Study also suggests pharmacists use “EpiPen” analogy to describe naloxone use
Rural caregivers for patients taking prescription opioids are most comfortable using the term “bad reaction” instead of the potentially stigmatizing term “overdose,” and they favor “EpiPen” as the best comparison for describing emergency use of naloxone to reverse effects of opioids, according to a new study scheduled for presentation at the ASHP Midyear Clinical Meeting & Exhibition in Las Vegas.
“Familiarity with caregivers’ terminology preferences for overdose and naloxone improves the ability of healthcare professionals to provide counseling in a comprehensible and culturally sensitive manner,” said Kalynn Hosea, MPH, PharmD candidate at University of North Carolina Eshelman School of Pharmacy and lead research on the study. “Using the words that caregivers tend to favor may increase their understanding of the drug and its uses.”
More than a million people have died from opioid overdose since 2000 — a disproportionate number in rural areas — and 18% of recent opioid deaths involved prescriptions. Naloxone, delivered via injection or nasal spray, saves lives when used to rapidly reverse the impact of opioids during a suspected overdose.
Researchers interviewed 40 rural caregivers in four states who live with someone at risk for opioid overdose and who had purchased naloxone at a pharmacy. The caregivers’ language preferences for describing an overdose varied somewhat by race, with most white and Black participants favoring “bad reaction” and American Indian participants preferring “accidental overdose.” Participants said this language was less stigmatizing or offensive compared to “overdose.”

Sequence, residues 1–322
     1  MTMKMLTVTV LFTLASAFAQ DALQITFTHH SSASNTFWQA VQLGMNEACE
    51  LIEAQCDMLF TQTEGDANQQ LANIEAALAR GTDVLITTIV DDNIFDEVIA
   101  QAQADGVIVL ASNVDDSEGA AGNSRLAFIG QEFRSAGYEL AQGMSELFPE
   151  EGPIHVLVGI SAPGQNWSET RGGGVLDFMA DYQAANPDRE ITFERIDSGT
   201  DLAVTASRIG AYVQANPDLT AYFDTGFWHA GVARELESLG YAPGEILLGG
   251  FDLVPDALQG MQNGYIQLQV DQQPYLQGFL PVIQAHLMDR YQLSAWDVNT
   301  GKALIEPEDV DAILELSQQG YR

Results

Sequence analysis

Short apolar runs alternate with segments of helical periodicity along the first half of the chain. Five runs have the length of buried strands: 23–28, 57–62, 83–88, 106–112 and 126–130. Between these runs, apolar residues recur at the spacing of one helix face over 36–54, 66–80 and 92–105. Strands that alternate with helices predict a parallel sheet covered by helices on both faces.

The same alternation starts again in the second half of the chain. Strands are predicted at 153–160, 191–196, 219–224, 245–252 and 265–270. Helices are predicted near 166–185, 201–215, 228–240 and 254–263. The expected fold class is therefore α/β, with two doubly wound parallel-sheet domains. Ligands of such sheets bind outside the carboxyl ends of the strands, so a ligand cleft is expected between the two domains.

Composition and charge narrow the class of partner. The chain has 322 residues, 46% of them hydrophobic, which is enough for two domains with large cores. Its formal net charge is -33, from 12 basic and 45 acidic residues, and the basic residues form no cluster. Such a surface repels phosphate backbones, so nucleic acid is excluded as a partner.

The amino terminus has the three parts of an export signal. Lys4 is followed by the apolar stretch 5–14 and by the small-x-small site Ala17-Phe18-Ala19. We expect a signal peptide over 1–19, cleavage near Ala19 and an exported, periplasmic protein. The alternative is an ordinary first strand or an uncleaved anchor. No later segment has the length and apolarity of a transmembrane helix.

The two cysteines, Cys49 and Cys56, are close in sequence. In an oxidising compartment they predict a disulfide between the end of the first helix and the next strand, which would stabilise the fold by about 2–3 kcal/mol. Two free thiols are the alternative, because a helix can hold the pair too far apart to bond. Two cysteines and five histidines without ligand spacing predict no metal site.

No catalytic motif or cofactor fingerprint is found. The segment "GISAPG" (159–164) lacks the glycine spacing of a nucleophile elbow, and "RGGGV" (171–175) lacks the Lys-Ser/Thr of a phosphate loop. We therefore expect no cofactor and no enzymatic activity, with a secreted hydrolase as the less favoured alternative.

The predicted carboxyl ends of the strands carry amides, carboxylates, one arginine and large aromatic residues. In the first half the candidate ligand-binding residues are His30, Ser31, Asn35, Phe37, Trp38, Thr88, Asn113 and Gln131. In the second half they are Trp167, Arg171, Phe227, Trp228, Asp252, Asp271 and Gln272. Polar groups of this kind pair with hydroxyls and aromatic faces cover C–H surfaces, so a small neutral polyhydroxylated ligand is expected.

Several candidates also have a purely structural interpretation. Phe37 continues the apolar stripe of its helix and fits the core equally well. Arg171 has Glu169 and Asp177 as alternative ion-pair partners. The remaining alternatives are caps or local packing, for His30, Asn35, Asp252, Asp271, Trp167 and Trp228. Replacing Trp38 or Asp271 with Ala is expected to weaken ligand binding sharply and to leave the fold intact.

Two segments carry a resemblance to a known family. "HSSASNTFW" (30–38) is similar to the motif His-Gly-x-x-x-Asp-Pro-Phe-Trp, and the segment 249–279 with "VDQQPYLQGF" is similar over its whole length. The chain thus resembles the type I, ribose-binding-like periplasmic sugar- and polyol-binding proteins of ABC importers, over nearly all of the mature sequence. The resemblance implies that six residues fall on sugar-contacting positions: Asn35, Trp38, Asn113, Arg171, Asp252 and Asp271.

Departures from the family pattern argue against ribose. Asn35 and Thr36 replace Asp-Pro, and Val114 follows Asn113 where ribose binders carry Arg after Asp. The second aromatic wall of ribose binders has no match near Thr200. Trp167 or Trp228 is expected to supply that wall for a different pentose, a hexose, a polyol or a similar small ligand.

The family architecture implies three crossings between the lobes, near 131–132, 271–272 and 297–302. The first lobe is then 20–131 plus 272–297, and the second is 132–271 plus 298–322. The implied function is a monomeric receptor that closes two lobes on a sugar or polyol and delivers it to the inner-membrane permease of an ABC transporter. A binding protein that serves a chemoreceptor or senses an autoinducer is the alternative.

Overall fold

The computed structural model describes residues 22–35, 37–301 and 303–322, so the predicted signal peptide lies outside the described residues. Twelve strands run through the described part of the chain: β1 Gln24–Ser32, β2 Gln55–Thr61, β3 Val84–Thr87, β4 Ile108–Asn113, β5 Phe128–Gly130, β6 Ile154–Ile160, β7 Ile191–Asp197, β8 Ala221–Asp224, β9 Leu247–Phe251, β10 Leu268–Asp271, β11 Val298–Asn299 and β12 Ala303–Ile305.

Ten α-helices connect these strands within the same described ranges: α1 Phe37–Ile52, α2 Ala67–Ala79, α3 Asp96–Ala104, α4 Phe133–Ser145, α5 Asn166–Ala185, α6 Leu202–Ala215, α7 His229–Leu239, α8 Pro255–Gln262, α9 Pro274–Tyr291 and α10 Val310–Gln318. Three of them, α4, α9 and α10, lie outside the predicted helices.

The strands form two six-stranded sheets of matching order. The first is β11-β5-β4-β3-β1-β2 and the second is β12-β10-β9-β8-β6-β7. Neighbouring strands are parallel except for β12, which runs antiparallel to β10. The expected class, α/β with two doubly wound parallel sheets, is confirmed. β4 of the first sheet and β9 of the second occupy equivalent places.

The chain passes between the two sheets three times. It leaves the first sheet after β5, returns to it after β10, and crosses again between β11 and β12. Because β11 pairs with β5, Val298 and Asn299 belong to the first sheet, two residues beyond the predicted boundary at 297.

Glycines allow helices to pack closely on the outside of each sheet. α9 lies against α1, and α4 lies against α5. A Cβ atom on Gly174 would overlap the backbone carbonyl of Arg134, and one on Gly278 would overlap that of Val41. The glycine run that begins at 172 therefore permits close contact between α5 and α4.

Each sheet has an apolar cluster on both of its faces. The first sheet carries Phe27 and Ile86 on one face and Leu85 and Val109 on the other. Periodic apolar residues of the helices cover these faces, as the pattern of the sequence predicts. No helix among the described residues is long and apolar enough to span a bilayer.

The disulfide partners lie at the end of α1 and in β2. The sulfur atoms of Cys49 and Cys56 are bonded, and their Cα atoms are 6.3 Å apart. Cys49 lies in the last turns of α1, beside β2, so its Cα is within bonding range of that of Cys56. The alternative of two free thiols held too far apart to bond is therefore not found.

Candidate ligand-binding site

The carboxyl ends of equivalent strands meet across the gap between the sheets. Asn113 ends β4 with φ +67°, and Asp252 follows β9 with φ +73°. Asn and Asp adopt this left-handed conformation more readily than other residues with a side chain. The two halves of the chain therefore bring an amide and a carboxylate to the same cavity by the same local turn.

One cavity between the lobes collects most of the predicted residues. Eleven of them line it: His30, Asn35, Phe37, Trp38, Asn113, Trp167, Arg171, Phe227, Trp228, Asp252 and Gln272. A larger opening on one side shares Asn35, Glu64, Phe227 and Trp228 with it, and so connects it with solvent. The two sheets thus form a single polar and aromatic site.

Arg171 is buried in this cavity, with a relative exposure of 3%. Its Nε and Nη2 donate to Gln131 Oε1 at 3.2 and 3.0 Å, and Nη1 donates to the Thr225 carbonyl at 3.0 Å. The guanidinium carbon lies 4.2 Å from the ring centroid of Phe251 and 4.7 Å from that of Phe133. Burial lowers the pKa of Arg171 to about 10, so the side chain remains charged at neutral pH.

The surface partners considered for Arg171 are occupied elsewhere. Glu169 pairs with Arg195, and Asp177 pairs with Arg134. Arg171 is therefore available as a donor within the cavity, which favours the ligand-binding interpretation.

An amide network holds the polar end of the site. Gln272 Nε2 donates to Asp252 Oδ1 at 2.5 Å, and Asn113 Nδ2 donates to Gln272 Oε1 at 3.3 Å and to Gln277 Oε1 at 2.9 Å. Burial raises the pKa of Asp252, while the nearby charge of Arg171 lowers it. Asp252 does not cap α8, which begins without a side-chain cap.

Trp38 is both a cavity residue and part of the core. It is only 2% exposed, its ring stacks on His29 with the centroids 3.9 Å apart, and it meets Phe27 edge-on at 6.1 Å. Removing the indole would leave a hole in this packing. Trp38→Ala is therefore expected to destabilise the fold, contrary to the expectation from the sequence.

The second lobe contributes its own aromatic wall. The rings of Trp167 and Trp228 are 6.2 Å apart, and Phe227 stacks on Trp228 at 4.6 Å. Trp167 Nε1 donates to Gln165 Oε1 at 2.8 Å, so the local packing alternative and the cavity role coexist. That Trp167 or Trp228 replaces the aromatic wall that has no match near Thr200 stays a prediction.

“The use of stigmatizing language in the healthcare environment is a risk to patient safety and a threat to optimal health,” said Anna Legreid Dopp, PharmD, CPHQ, ASHP senior director of clinical guidelines and quality improvement. “This study provides valuable insights about the rural communities studied and serves as a good reminder of the importance of communicating with patient-centered, non-stigmatizing language when helping patients and caregivers understand medications.”
For naloxone analogies, 64% of participants preferred “EpiPen,” with most finding the term more relevant to the use of naloxone than "fire extinguisher," a term suggested in some pharmacy training programs. EpiPen is the brand name for an auto-injector used to deliver epinephrine for life-threatening allergic reactions. It was also preferred to other word choices such as “lifesaver,” “stick pen,” or “nasal spray.”
Healthcare professionals may initially be uncomfortable with imprecise use of the term EpiPen, but using it as an analogy to create clarity is worthwhile, Hosea said.
“The stigma, misunderstanding and confusion associated with other analogies used to describe naloxone creates communication barriers,” she said.
Despite national and state policies aimed at increasing naloxone access through pharmacies, opioid overdose death rates increased during the COVID-19 pandemic, particularly among Blacks, American Indian and Alaska Natives in rural areas. Caregivers play a crucial role in delivering naloxone to save lives. This is the first study to identify rural caregivers’ overdose and naloxone terminology preferences while exploring differences by race.
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ASHP is the collective voice of pharmacists who serve as patient care providers in hospitals, health systems, ambulatory clinics, and other healthcare settings spanning the full spectrum of medication use. The organization’s more than 60,000 members include pharmacists, student pharmacists, and pharmacy technicians. For 80 years, ASHP has been at the forefront of efforts to improve medication use and enhance patient safety. For more information about the wide array of ASHP activities and the many ways in which pharmacists advance healthcare, visit ASHP’s website, ashp.org, or its consumer website, SafeMedication.com.